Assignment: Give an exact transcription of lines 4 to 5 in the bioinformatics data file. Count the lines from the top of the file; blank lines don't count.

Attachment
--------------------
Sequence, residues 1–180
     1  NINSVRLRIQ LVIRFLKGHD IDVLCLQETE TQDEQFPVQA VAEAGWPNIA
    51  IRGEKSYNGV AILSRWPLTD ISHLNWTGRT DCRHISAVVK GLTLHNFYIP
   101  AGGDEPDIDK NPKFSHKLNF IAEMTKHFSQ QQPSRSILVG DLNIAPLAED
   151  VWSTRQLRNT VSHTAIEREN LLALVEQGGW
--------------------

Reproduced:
   101  AGGDEPDIDK NPKFSHKLNF IAEMTKHFSQ QQPSRSILVG DLNIAPLAED
   151  VWSTRQLRNT VSHTAIEREN LLALVEQGGW